But one man is superior to another physically, or mentally, and supplies more labor in the same time, or can labor for a longer time; and labor, to serve as a measure, must be defined by its duration or intensity, otherwise it ceases to be a standard of measurement. This equal right is an unequal right for unequal labor. It recognizes no class differences, because everyone is only a worker like everyone else; but it tacitly recognizes unequal individual endowment, and thus productive capacity, as a natural privilege. It is, therefore, a right of inequality, in its content, like every right. Right, by its very nature, can consist only in the application of an equal standard; but unequal individuals (and they would not be different individuals if they were not unequal) are measurable only by an equal standard insofar as they are brought under an equal point of view, are taken from one definite side only -- for instance, in the present case, are regarded only as workers and nothing more is seen in them, everything else being ignored. Further, one worker is married, another is not; one has more children than another, and so on and so forth. Thus, with an equal performance of labor, and hence an equal in the social consumption fund, one will in fact receive more than another, one will be richer than another, and so on. To avoid all these defects, right, instead of being equal, would have to be unequal.

But these defects are inevitable in the first phase of communist society as it is when it has just emerged after prolonged birth pangs from capitalist society. Right can never be higher than the economic structure of society and its cultural development conditioned thereby. (emphasis added)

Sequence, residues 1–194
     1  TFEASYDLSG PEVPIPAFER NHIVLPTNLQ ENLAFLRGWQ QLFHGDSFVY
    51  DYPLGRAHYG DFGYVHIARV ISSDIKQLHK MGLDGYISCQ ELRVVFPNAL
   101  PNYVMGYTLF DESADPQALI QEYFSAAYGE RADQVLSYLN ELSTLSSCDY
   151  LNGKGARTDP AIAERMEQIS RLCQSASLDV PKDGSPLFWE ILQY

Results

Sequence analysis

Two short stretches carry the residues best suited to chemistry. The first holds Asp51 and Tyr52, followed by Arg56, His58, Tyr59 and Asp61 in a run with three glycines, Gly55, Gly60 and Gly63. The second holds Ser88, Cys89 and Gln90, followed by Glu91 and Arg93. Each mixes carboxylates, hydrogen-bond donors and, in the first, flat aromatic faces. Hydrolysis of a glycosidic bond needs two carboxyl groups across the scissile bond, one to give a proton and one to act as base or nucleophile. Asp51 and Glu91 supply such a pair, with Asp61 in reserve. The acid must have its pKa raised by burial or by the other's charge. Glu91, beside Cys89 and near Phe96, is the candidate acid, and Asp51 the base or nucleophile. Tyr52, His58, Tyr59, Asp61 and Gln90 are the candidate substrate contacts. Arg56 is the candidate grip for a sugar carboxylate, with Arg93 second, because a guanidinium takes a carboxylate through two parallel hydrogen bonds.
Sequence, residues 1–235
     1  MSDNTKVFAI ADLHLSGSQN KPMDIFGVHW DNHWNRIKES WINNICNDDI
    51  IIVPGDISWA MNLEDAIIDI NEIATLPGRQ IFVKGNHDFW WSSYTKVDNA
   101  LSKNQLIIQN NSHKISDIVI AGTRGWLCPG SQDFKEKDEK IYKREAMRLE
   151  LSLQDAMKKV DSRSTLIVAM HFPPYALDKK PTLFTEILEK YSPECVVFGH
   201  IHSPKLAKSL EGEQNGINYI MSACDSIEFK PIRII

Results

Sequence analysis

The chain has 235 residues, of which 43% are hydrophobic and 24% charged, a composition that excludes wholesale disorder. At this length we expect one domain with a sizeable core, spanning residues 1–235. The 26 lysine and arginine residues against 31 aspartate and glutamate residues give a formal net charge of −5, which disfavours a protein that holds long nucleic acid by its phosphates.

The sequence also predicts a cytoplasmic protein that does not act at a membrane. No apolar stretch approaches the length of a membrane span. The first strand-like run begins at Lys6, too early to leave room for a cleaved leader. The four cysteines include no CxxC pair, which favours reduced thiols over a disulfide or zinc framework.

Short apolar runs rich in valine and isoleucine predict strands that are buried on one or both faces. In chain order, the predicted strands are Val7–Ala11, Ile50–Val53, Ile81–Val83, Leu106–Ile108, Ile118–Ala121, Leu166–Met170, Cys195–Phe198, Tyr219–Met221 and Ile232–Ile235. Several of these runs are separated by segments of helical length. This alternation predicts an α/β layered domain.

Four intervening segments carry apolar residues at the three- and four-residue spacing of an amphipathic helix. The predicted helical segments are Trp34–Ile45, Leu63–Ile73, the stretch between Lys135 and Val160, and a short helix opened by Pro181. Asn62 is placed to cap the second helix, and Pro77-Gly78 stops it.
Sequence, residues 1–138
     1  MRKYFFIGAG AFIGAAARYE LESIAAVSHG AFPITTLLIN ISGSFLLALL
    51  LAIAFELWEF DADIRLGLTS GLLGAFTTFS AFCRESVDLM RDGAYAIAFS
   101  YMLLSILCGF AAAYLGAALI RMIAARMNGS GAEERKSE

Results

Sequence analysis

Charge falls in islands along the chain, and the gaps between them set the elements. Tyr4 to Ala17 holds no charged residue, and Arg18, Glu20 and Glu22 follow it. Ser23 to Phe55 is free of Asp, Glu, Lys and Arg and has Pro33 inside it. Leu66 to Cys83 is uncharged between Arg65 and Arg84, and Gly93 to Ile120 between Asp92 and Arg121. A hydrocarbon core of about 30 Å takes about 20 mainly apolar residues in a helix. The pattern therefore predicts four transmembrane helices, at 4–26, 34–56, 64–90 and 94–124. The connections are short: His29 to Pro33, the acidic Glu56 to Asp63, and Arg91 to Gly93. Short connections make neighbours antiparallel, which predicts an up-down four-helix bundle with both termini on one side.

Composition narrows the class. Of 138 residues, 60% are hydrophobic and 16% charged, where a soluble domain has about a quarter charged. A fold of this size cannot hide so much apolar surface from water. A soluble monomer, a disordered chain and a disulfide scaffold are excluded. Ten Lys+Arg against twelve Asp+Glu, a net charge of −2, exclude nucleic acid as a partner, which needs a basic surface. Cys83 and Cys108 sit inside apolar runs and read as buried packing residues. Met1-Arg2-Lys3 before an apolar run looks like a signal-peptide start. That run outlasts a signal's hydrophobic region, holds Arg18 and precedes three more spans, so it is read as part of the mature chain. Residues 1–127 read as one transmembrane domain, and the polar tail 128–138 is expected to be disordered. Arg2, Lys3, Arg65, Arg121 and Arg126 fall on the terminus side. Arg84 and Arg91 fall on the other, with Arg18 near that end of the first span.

In a higher phase of communist society, after the enslaving subordination of the individual to the division of labor, and therewith also the antithesis between mental and physical labor, has vanished; after labor has become not only a means of life but life's prime want; after the productive forces have also increased with the all-around development of the individual, and all the springs of co-operative wealth flow more abundantly -- only then then can the narrow horizon of bourgeois right be crossed in its entirety and society inscribe on its banners: From each according to his ability, to each according to his needs!”

The emphasised sentence is most significant here. In criticising the demand for Equal Elementary Education raised by the Lassalleans, Marx, wrote,

""Equal elementary education"? What idea lies behind these words? Is it believed that in present-day society (and it is only with this one has to deal) education can be equal for all classes? Or is it demanded that the upper classes also shall be compulsorily reduced to the modicum of education — the elementary school — that alone is compatible with the economic conditions not only of the wage-workers but of the peasants as well?”

Today, with the general and significant development of the productive forces, and to meet its needs, we take for granted that Elementary Education should be free for all, and that this is quite compatible with Capitalism. Yet, in reality, even now, and even in respect of Elementary Education, Marx's point holds. Can we really say that this Elementary Education is, in any real sense, equal. Do the kids in the run down inner city areas REALLY get an equal, even Elementary, education with the kids living in the leafy suburbs of Esher? And, if that applies to Elementary Education, how much more does it apply to Higher Education?